Chemotherapy and radiation therapy help in treating cancer, but it can cause complications in your body.
These complications or side effects can delay or even stop your cancer treatment. Cancer patients receiving chemotherapy are at high risk of developing oral complications.
It is vital that cancer patients do not neglect their oral health. If you are receiving cancer treatment or are going to start in the future, you should have all the knowledge regarding chemotherapy and its side effects on your body.
In this article, we will strive to understand the side effects of chemotherapy on your mouth and how to manage it.
How does chemotherapy affect your mouth?
Chemotherapy and radiation therapy stop or slow the growth of fast cancer growing cells.
However, it also prevents the growth of normal cells in the lining of the mouth, which affects the ability of oral tissue to repair itself. (1)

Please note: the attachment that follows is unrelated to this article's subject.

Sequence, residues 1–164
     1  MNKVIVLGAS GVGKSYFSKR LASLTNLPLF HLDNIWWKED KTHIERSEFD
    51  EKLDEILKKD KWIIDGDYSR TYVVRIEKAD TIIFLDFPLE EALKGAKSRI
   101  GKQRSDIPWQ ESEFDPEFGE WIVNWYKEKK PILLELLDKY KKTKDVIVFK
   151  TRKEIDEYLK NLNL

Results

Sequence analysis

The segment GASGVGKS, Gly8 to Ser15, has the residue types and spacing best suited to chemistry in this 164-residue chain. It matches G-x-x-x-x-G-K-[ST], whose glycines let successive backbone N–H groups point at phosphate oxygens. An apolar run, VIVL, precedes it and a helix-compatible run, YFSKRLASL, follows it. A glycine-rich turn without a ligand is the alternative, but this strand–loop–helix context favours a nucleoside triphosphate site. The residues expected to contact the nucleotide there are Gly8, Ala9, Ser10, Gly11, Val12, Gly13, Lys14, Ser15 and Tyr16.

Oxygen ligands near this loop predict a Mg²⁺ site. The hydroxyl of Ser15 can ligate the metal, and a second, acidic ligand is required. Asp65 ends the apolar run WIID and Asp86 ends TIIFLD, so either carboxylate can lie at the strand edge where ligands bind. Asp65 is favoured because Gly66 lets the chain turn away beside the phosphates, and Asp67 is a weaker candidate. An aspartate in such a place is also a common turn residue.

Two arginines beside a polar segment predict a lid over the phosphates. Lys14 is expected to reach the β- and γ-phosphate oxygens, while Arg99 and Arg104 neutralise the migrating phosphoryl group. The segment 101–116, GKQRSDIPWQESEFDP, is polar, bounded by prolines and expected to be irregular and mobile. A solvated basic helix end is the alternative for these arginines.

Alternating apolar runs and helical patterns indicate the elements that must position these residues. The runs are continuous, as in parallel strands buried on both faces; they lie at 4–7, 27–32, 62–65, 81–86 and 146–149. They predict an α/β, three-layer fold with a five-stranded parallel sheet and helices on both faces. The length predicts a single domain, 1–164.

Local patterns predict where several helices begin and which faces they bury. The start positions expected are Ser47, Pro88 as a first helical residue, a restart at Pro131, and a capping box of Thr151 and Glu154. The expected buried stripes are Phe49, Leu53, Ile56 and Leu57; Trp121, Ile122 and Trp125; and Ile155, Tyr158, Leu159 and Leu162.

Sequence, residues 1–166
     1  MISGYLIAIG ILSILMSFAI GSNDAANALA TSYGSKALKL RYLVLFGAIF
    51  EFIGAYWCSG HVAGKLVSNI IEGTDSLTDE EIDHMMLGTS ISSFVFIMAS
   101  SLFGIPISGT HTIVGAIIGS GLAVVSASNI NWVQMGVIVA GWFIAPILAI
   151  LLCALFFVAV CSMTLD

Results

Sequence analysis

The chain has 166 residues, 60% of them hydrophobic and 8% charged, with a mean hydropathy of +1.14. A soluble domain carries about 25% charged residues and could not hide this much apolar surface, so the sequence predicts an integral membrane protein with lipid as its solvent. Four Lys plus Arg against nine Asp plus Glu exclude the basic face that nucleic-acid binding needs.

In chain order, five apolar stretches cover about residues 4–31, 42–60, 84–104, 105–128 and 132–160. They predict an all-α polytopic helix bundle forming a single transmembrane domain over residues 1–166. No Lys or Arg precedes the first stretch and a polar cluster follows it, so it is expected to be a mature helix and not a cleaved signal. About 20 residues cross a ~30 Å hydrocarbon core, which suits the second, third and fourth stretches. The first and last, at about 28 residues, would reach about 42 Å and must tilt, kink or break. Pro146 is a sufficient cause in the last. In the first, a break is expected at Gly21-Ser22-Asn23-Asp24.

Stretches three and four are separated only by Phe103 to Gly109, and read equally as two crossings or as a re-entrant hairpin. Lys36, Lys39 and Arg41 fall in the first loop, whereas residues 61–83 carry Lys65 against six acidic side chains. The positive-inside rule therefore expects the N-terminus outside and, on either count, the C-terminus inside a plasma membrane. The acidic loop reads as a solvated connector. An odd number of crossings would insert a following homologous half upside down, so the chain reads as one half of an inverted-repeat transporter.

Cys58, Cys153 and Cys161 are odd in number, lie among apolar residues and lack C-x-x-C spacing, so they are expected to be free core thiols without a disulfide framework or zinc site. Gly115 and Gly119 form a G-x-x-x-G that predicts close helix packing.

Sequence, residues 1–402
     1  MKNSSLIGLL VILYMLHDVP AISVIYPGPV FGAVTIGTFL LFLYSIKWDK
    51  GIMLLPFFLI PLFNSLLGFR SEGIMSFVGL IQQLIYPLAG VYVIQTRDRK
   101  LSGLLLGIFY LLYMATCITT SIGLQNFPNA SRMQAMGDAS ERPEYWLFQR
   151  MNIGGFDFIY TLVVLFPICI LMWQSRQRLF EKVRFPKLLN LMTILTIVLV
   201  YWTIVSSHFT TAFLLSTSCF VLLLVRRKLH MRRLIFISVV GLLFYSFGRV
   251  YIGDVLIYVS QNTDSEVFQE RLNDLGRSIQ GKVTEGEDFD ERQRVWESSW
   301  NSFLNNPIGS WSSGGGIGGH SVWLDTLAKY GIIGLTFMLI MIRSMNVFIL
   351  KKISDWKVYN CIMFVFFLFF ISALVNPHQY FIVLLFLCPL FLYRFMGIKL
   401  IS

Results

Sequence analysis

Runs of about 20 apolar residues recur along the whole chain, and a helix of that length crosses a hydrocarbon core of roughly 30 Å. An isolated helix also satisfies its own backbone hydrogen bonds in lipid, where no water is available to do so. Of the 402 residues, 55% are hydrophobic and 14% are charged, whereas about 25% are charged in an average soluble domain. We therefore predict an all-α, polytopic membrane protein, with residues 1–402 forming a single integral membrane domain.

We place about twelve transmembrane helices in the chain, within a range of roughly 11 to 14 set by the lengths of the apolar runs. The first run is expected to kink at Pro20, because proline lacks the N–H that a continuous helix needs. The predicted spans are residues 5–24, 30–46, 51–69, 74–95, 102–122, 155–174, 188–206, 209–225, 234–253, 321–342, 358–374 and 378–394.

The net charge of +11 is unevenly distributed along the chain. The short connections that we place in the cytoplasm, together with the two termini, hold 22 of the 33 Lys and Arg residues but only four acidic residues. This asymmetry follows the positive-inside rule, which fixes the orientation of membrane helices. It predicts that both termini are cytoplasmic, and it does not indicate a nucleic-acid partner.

Radiation therapy can directly affect the oral tissues by damaging salivary glands and jaw bone. Chemotherapy also upsets the natural balance between good and harmful bacteria inside your mouth.
These side effects can be excruciating and make it hard for you to eat, drink, swallow or even talk. You are more likely to get an oral infection while receiving cancer treatment, which can delay the chemotherapy. (2)
If the side effects become too severe, your oncologist may delay your cancer treatment or even stop it altogether.
How does a dentist help?
It is essential that you visit a dentist at least 2-4 weeks before starting chemotherapy or radiation therapy. The dentist performs a thorough oral exam, takes x-rays if necessary and treats any existing oral problems.